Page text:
Psalm 23 sung by the choir, gives us an idea of what it is like to follow Jesus, the Good shepherd from the perspective of a sheep. Together these two texts tell a story of Trust, Obedience and Accompaniment


So let’s look a little deeper:

  1. Sheep listen to their shepherd – they listen to him. They know his voice, they know his voice different from other voices. They know his voice because they spend a lot of their time with Him, getting to know him, understanding his tones (what he likes and does not like). From this understanding they develop a relationship of TRUST. Trusting the voice to not lead them astray. If we are his sheep then our capacity to hear Jesus hinges on the quality of our relationship with Him. We get to know Him through Scripture. Hearing His voice also hinges on our ability to discern from all the other voices around us – voices in media, voices in culture, voices of friends and family – his voice guiding and directing us what to do and what to say, guiding us in our choices from moment to moment. Listening requires focus and attention, it requires a conscious effort to hear and filter out the other noises to better hear what is most important. Just as a mother if she listens carefully in a room of crying babies can know which crying baby is hers and what is wrong. So each of us must ask ourselves – which voice do I listen to? Do I know what Jesus’ enough to know his voice?  What do I need to do to hear him more clearly?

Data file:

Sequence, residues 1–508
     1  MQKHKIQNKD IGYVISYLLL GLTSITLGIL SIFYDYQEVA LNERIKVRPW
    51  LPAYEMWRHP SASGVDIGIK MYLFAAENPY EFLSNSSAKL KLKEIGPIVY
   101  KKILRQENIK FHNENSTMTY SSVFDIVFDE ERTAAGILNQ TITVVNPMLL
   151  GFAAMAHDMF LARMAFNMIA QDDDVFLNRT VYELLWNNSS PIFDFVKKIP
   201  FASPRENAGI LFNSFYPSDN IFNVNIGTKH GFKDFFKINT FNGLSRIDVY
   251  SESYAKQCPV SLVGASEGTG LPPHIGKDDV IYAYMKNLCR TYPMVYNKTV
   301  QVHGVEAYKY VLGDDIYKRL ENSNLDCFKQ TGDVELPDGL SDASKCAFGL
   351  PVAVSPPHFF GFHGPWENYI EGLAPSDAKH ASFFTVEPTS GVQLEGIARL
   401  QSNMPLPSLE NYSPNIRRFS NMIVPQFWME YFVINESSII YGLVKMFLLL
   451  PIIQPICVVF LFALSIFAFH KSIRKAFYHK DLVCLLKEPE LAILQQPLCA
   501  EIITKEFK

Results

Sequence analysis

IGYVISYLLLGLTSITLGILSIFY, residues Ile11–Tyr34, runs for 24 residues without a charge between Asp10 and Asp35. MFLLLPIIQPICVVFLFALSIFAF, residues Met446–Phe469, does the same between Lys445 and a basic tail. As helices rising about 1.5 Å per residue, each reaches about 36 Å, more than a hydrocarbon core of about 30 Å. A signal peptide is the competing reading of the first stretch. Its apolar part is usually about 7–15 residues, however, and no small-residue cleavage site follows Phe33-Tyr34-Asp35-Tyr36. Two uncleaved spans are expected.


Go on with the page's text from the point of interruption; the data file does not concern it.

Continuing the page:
2. Sheep follow their shepherd - In that relationship of trust, sheep follow their shepherd wherever he leads them. Sheep try to OBEY.  From Psalm 23 we hear that: He makes them lie down in green pastures;  he leads them beside still waters;[a]3he restores their soul.[b]He leads me in right paths[c] for his name’s sake. If we are His sheep then we too can tell and celebrate being provided for and taken care of by the master, not just in terms of meeting our physical needs but also in the nourishing and renewing of our souls.  


  1. The Shepherd knows His sheep - He knows their habits, their tendencies, their wounds and the things that they love and that are important to them. That is why he carries a rod and a staff.